SETTLEMENT : Multiple deaths in apartment fire
In the early morning hours of September 4, 1982, a fire swept through the Dorothy Mae Apartment Hotel. Nineteen people, including a mother and her unborn baby, perished as the blaze roared through the 43-unit complex. An additional 36 people were seriously injured that morning and, within 10 days, another six succumbed to their wounds bringing the death toll up to 25.
The Dorothy Mae Hotel fire soon became notorious for being the second deadliest fire in Los Angeles history. The court system sentenced the arsonist who set the blaze, Humberto de la Torre, 21, to 625 years in prison while the incident itself inspired fierce changes in local fire code legislatures and recommendations. Yet, while these new codes work and have worked to safeguard future potential victims, what of those who fell prey to the Dorothy Mae blaze?
Finding Financial Justice for the Victims & Their Families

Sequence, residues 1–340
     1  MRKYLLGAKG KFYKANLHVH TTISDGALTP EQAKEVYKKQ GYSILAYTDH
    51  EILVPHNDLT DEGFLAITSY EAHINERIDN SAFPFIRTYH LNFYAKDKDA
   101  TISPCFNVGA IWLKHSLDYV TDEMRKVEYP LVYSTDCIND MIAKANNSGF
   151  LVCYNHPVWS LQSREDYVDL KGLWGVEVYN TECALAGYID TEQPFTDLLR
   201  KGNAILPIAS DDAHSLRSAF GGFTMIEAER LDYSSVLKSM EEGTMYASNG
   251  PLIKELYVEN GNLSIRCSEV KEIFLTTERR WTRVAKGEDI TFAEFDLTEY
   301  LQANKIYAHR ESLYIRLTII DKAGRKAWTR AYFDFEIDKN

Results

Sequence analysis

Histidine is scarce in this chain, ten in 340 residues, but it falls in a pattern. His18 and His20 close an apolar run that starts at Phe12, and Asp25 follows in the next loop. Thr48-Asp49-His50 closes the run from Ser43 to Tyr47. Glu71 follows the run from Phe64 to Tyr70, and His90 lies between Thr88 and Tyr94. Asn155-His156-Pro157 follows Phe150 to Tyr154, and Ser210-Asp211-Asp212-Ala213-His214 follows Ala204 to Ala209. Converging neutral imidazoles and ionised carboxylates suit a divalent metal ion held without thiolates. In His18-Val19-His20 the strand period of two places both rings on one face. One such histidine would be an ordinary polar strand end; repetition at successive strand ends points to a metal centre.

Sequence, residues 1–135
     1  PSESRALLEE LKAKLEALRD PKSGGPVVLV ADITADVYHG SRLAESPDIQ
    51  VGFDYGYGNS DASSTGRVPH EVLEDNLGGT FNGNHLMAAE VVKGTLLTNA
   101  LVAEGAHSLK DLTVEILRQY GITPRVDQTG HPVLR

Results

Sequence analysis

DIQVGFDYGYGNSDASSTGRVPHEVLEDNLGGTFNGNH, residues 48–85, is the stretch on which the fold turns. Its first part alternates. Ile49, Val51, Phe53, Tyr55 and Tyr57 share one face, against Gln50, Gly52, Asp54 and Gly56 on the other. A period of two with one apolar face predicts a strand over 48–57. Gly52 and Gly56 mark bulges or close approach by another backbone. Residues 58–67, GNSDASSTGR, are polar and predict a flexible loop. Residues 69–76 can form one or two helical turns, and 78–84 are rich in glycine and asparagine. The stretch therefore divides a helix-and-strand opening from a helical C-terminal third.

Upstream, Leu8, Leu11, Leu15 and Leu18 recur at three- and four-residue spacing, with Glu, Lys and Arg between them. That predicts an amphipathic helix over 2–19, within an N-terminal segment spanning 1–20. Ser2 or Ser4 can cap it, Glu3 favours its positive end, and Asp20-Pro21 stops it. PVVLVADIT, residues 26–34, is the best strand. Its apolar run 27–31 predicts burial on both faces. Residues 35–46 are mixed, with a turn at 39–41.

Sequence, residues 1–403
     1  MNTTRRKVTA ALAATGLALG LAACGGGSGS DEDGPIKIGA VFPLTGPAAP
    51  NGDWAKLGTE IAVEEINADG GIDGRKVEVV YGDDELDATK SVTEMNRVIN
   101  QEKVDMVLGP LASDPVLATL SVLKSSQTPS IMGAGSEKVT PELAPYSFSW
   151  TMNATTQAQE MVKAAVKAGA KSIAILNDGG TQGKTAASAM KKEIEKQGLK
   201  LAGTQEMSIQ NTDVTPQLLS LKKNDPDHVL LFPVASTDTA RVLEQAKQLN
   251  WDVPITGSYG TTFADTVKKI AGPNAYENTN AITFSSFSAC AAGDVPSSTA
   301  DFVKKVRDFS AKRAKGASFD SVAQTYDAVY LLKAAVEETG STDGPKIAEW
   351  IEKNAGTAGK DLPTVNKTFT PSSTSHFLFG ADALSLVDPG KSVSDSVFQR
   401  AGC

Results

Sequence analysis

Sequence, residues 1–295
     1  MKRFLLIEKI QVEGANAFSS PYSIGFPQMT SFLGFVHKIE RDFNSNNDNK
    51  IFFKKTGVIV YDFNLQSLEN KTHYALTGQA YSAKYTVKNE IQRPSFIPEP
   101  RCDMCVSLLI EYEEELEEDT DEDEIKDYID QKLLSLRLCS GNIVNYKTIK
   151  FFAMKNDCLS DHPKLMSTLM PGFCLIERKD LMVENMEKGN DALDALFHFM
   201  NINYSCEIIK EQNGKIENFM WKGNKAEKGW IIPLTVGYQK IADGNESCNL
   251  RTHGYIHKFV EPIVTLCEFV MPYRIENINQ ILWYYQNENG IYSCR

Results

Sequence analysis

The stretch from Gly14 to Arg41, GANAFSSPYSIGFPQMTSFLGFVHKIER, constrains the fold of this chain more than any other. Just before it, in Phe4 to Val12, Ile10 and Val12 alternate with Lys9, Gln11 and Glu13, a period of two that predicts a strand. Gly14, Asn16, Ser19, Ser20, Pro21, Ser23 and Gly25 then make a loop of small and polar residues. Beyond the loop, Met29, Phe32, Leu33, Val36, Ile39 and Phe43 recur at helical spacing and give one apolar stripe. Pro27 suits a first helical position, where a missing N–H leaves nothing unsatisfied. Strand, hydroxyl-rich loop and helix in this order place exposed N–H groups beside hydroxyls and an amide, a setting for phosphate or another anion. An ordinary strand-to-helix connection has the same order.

Torrqnce attorney Lawrence R. Booth of Booth & Koskoff was hired to collectively represent the nearly 150 people who were injured and the family members of those who perished in the flames. Booth and his team filed a civil lawsuit against the owners of the hotel, a Los Angeles partnership that included attorney Hiram Kwan, alleging that the Dorothy Mae victims could have survived the blaze had necessary safety measures been taken.
“Some people may feel that it’s inappropriate for the building owners to be liable when the fire was a result of arson, particularly when the arsonist was a relative of the people who were injured,” Booth explained to reporters. “But the theory of the law is that buildings ought to be as safe as possible from fire, irrespective of what causes the fire, and we believe that if the building had been appropriately safeguarded, it would have been a very small fire, the Fire Department would have put it out and there would have been little, if any, injury or loss of life.”
Booth and his team gathered evidence showcasing such lack of safeguards, such as prior citations against the Dorothy Mae Apartment Hotel owners for routinely leaving fire doors open for extra ventilation. Booth and his team of experts argued that had the fire doors been closed, the fire would not have spread up the stairwells and to additional floors.
Four years after the fire, Booth & Koskoff obtained a settlement with the joint owners of the Dorothy Mae Apartment Hotel. The plaintiffs secured a $2.19 million settlement to be apportioned out among the victims and their families.